Third-party app developers are so ingenious that big hardware manufacturers copy their works. Apple is not an exception.
The Cupertino iPhone maker has the liberty and full capacity to remove apps from the App Store if it is in violation with their policies. In this case, however, Apple took down some apps from the App Store because they want to recreate them.
Here are some banned apps that Apple rehashed for iOS:
The iOS 11 betas have already revealed that the Find my iPhone app is now integrated with an AirPod finder. Prior to the release of iOS 10.3 beta, an AirPods tracker app called Finder for AirPods already existed on the App Store.
It should have been a huge help for AirPods users, but Apple took the app down from store stating it "is not appropriate for the App Store". Back then, Apple did not have any means to locate the AirPods which was a huge dilemma since the earphones are vulnerable to being lost with its wireless nature.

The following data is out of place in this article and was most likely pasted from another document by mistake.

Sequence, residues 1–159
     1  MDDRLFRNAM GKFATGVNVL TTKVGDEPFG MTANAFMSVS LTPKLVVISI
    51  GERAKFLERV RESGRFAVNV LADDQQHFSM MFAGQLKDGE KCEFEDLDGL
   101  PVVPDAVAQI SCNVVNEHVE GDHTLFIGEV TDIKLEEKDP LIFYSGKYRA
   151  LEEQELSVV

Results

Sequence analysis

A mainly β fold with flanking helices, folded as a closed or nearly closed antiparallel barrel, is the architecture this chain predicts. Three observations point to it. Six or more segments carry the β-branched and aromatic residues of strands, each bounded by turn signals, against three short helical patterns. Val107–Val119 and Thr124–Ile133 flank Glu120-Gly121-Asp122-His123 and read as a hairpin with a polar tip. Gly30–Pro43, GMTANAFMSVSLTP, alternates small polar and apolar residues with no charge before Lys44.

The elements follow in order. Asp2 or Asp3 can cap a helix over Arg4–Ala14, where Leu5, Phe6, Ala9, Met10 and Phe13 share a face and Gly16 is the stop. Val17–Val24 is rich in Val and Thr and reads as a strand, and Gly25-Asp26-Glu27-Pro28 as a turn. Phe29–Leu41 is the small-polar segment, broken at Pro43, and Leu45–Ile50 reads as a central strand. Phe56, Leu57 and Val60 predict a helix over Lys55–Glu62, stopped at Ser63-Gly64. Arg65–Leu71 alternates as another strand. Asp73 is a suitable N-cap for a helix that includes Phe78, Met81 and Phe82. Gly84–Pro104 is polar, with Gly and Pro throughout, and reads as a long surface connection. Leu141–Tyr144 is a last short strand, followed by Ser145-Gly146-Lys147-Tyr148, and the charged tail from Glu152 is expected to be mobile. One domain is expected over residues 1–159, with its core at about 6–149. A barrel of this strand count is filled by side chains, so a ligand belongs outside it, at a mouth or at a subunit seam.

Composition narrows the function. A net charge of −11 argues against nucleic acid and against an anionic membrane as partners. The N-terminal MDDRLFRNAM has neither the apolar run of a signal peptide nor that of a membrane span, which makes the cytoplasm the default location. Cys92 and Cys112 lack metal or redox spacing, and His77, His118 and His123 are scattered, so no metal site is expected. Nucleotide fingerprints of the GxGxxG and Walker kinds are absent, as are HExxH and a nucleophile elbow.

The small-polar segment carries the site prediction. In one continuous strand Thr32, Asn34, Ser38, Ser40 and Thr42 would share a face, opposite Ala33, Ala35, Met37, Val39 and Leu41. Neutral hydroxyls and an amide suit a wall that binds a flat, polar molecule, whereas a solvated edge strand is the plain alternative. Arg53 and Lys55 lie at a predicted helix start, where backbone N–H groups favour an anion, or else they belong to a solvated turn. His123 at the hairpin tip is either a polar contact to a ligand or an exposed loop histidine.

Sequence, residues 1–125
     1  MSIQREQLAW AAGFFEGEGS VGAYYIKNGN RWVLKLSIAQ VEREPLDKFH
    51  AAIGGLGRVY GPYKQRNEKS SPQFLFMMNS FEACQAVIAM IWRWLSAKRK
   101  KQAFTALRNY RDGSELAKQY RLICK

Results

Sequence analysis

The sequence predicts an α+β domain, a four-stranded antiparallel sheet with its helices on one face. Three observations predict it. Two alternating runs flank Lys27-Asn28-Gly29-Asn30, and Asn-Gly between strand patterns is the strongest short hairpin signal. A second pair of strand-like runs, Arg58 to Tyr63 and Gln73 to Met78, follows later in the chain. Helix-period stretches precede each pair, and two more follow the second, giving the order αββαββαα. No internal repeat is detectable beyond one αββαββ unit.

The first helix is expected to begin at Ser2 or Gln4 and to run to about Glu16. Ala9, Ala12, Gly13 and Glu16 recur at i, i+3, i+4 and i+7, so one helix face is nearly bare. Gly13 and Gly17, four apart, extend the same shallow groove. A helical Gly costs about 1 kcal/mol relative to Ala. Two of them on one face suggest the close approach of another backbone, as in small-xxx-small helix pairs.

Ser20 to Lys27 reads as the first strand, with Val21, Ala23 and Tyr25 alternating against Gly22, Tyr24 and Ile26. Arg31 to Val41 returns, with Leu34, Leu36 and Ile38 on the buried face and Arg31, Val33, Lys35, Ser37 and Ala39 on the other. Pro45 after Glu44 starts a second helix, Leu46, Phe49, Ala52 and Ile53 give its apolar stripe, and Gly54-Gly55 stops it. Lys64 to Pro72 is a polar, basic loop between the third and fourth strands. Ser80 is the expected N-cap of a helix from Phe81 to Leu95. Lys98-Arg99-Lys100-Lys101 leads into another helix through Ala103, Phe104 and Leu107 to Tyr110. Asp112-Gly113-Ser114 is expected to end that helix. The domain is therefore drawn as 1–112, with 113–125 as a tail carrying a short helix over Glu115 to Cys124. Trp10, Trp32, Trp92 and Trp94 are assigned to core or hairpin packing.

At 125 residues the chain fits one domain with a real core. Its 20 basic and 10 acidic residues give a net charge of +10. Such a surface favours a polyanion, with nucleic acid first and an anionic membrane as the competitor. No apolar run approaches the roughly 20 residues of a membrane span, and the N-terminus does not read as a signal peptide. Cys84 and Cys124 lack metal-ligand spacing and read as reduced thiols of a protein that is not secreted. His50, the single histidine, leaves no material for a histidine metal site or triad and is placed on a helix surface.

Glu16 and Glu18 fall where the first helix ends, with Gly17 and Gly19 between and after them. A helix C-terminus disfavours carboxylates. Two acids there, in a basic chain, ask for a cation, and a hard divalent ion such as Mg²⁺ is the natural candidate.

Blue light removal
This next feature was not made available via the App Store. Blue light removal tool f.lux was available on iOS phones through sideloading it. This kind of light emanating from digital screens is known for causing eye strains and disrupted sleep.
As blue light removal apps become popular on Windows and Mac, f.lux developers attempted to port its tool to iOS. Apple was not happy about it so they asked the developers to take down the download link. Only then it was found out when iOS 9.3 came out that Apple had been gearing up its official blue light removal tool called Night Shift.
Screen recording apps for smartphones have just started to become popular in the last few months. However, such app called Coolpixel was already available on the App Store in December 2016.
Since the iOS 11 beta started to be rolled out, Coolpixel developers had struggled to keep the tool on the App Store as Apple took it down twice. When Apple discovered there were other screen recording apps from the App Store, they too were removed.